mercredi, juillet 06, 2005

just say no to cilantro

Most of my friends know that I detest avocado, mushrooms (except certain varieties of fresh chanterelles), and eggplant. Some have even gotten me to re-think my stance on beer and anchovies (not). Generally, I'm not a picky eater. I will try most anything once, but prefer to only eat things that I really enjoy ... which really doesn't present any problems, as there is a veritable cornucopia of foods that I love.

Nonetheless, this New York Times article on chef's personal food dislikes succinctly sums up how I feel about cilantro (I loathe it because it tastes like soap to me; I'll admit that I'm a cilantro-hater) and why I don't particularly enjoy green peppers.
I'm the Boss, and I Say No Lentils
By OLIVER SCHWANER-ALBRIGHT
ZAK PELACCIO can't stand sweet potatoes. "I find them a little too rich, a little too cloying, a little too overwhelming," Mr. Pelaccio said. "I don't like to eat them."

It isn't unusual for somebody to hold a deep dislike for a particular food, but Mr. Pelaccio is the chef of 5 Ninth, an inventive restaurant that plays fast and free with its ingredients. Veal breast is braised, topped with botarga, and served with green tomatoes, shishito pepper and ground ivy. But no innocent sweet potatoes?

"I just have no desire to cook with them, ever," Mr. Pelaccio said. "And sweet potato fries are the most disgusting things."

Almost everybody has his or her sweet potato, a food that is harmless to the rest of the world but that is, to this individual, too revolting to stomach. Your basic eater can spend a lifetime dodging that ingredient, bypassing those dishes that will make him at best unhappy, at worst queasy. But a chef can turn his personal dislike into restaurant policy.

"Whenever I tell somebody I hate lentils, they're shocked," said Bobby Flay, whose menu at Bar Americain, incidentally, is peppered with sweet potato, including some in the clam chowder. "There are a lot of lentil fans out there."

An early draft of Bar Americain's menu had a beet and goat cheese salad with lentils, but Mr. Flay rejected it before the restaurant opened. "When I go on vacation, they run specials on lentils," he said.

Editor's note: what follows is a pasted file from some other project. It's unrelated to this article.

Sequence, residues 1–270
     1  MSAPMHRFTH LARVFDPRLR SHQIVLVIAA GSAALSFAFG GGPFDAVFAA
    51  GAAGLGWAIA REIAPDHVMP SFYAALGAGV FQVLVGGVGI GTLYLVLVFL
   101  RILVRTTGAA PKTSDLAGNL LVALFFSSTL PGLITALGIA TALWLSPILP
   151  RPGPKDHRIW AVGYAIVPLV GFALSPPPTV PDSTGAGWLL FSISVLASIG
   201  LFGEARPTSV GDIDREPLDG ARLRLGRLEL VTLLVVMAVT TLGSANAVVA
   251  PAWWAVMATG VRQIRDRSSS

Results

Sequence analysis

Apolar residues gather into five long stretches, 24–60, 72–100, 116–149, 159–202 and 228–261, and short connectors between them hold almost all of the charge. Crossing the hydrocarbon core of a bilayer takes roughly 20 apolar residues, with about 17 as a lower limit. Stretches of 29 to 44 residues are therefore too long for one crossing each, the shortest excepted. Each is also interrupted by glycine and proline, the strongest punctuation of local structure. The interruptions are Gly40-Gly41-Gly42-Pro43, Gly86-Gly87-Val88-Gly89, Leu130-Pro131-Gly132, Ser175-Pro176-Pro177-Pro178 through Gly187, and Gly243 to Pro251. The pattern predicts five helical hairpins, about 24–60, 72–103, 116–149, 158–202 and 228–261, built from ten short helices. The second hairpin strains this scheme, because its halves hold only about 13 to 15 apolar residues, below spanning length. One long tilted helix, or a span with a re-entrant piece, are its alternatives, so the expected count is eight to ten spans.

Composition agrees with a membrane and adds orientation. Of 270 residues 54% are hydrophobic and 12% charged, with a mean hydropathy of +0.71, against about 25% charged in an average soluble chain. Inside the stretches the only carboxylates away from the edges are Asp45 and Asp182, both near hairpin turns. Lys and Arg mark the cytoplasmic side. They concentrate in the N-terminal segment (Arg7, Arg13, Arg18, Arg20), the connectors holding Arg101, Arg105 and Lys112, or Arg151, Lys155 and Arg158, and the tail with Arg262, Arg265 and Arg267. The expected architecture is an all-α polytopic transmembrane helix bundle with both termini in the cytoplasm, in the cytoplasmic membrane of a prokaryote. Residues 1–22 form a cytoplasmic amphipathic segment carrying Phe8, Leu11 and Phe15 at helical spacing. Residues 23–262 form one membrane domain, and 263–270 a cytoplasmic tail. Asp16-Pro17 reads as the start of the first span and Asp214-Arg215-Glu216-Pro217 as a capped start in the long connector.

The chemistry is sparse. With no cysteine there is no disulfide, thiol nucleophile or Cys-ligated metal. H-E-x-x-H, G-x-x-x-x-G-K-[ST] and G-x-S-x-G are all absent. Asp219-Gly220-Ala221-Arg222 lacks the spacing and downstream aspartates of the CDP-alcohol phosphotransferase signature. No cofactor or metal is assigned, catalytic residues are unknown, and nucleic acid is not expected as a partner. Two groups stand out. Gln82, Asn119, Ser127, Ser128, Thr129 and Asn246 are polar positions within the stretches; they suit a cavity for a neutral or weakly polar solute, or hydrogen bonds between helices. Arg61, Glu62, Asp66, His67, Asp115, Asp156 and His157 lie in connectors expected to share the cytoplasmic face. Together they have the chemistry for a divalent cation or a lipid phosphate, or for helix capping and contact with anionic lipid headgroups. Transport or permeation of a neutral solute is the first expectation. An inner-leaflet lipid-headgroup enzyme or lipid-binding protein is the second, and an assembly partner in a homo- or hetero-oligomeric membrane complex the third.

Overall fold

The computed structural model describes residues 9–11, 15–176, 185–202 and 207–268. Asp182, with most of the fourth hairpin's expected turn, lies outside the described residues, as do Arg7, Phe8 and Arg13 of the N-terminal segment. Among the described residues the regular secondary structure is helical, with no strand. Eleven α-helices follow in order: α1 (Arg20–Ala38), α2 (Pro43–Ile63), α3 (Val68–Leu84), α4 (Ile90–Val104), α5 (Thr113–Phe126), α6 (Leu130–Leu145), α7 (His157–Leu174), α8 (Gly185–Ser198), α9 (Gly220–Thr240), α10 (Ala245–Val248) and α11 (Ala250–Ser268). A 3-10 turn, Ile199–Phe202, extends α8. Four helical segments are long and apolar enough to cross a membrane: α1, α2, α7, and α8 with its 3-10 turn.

Celery is a building block of French cooking, but it has no place at Chanterelle. "I don't use it in my stocks," said the chef, David Waltuck, whose loathing has become lore. "I don't use it in my mirepoix. It has no flavor. It's one-dimensional. It's an exercise in chewing. It's pointless."

There are arguments for banning an ingredient based on concerns about quality or morality. Some choose not to use out-of-season strawberries because they're flavorless, or Chilean sea bass (also known as Patagonian toothfish) because of overfishing.

The argument for banning carrots bigger than your thumb, however, is a little more arbitrary. "I will serve baby carrots," said Alexandra Guarnaschelli, the chef of Butter. "But once it gets over two inches long I break into a cold sweat."

Miss Guarnaschelli was the sous-chef at Guy Savoy's La Butte Chaillot in Paris, where julienne carrots had a permanent place on the menu. "Now I have a panic attack when I see shredded carrot in a salad," she said.

Other ingredients are almost universally snubbed by chefs. Green bell peppers, that staple of chili and the catered crudité, are possibly the most-loathed ingredient.

"They're headache-y," said Anita Lo, chef at Annisa. "For some reason I've never gotten past the flavor."

Brian Bistrong of the Harrison doesn't like the way green pepper lingers. "If you eat one, you're going to taste it the rest of the meal," Mr. Bistrong said. "I got rid of them when I finally had some authority. Now that I'm the boss, I can not have them."

Dan Barber, who won't let green peppers into the kitchens of either Blue Hill Restaurant in Manhattan or Blue Hill at Stone Barns in Pocantico Hills, N.Y., called the problems with the vegetable "multitiered."